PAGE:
In fact, when told that he'd probably get some sympathy from the ladies, he responded with a terse, "Oh, they already texted me."
Then, when reporters pointed out his sling and how it might get in the way of his stylish off-court wardrobe, he jokingly said, "I still look good. I still look good."
Kanter's comments are definitely enjoyable, but his injury, which is expected to keep him sidelined for two to three weeks, is nothing to laugh at.
Having gone to the game myself, I saw just how grotesque it truly was. To see Kanter's arm dangling out of place was enough to make me, and thousands of others, cringe.
"He dive for the loose ball and I dive, too," Haddadi said. "We both went for the basketball and I don't know what happened after that. But when I saw his shoulder I say, 'Ouch.'"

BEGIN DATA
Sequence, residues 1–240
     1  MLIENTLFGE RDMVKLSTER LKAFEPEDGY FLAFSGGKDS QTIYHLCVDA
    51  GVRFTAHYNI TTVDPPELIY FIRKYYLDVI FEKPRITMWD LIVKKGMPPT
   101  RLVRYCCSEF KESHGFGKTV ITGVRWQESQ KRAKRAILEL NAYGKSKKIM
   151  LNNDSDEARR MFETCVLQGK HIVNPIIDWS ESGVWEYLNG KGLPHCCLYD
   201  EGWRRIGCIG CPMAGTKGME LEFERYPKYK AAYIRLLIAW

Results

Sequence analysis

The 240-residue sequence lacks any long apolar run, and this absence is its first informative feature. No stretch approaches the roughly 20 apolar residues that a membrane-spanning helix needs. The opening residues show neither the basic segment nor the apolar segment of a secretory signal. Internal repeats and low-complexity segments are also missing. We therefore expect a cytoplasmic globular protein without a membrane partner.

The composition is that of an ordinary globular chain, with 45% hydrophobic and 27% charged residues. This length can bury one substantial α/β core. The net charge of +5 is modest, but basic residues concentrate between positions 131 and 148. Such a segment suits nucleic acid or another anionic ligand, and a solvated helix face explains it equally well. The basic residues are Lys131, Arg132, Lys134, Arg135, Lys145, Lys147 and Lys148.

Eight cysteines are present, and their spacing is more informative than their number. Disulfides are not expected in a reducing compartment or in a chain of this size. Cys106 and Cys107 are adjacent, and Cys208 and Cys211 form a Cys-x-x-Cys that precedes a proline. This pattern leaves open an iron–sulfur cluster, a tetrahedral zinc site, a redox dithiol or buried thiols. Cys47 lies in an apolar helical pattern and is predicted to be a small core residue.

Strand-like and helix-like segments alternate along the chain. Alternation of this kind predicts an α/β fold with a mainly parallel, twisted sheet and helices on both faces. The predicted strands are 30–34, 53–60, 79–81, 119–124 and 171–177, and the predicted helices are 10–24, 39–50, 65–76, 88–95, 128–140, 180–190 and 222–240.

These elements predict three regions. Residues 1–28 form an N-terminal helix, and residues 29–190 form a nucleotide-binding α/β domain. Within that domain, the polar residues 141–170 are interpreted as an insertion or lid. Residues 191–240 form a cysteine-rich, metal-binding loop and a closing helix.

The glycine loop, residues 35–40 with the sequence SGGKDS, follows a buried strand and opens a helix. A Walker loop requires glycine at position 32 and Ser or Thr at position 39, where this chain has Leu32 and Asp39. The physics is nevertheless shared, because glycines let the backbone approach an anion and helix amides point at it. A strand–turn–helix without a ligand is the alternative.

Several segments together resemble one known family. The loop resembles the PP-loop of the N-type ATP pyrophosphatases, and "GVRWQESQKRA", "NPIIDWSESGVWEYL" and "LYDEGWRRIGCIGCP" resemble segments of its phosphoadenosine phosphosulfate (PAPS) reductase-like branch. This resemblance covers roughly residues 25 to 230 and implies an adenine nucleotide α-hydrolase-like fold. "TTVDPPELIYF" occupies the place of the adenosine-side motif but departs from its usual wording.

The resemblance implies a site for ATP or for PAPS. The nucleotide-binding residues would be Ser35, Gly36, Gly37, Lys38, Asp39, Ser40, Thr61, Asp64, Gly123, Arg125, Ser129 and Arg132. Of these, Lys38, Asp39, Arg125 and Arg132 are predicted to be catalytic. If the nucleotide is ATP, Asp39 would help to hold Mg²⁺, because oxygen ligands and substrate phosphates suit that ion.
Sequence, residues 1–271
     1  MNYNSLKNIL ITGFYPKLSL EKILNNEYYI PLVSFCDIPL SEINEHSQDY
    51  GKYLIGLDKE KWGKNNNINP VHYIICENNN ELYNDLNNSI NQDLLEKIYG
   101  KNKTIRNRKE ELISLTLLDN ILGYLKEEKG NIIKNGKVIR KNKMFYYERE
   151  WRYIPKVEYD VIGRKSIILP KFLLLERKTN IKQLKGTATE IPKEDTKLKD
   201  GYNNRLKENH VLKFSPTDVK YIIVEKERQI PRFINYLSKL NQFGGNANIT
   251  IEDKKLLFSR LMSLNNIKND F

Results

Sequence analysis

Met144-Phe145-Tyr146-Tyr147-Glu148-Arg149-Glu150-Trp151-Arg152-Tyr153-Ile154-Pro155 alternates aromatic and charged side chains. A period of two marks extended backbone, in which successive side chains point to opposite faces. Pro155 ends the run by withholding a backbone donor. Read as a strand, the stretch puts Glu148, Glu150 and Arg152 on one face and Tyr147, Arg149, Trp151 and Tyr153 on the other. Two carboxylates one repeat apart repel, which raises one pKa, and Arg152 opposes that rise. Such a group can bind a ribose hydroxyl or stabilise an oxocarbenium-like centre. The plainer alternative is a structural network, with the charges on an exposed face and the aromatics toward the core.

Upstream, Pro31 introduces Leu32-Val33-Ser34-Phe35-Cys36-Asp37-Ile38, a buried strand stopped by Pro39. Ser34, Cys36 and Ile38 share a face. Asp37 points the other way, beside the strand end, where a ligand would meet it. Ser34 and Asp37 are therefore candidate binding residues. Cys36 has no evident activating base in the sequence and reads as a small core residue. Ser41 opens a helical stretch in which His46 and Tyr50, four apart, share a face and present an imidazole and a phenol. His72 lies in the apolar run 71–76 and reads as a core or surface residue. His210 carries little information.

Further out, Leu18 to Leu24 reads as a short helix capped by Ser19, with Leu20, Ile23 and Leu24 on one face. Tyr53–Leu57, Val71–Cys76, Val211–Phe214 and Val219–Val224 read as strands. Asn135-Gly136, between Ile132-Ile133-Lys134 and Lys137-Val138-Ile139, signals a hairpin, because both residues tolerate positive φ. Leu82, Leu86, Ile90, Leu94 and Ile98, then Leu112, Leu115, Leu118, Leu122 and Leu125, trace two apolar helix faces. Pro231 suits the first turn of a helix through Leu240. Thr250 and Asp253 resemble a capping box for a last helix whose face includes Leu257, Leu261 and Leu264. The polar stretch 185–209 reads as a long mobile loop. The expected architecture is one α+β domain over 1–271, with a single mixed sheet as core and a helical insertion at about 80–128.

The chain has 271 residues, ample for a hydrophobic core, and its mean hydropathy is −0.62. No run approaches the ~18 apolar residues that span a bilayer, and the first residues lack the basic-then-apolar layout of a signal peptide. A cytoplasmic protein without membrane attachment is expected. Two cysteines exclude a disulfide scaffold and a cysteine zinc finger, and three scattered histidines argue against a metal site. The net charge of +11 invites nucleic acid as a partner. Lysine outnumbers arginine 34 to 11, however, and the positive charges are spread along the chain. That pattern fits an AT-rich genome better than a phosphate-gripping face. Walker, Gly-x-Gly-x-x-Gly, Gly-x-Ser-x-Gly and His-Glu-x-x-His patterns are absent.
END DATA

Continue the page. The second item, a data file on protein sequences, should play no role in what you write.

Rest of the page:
Ouch indeed. The timing of the injury couldn't be worse as the Jazz strive to leapfrog the Los Angeles Lakers -- and fend off the Dallas Mavericks -- for the eighth and final Western Conference playoff spot.
Plus, Kanter, who is one of the Jazz's top defenders, was starting to make great strides on offense. In the 13 contests preceding the Suns game, No. 0 averaged 11.5 points on nearly 60 percent shooting.
While Kanter is out, Coach Corbin may extend the minutes of his other three giants, Al Jefferson, Paul Millsap and Derrick Favors, or turn to former dunk champion Jeremy Evans, who has played well when given the opportunity. In the three games in which he received at least 20 minutes of PT, Evans collected 32 points on 11-of-14 shooting.
Jared Bray, a graduate of Brigham Young University's broadcast journalism program, has followed the Utah Jazz since 2008, when he covered the team as a sports correspondent for KBYU-TV's Daily News at Noon.
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- Enes Kanter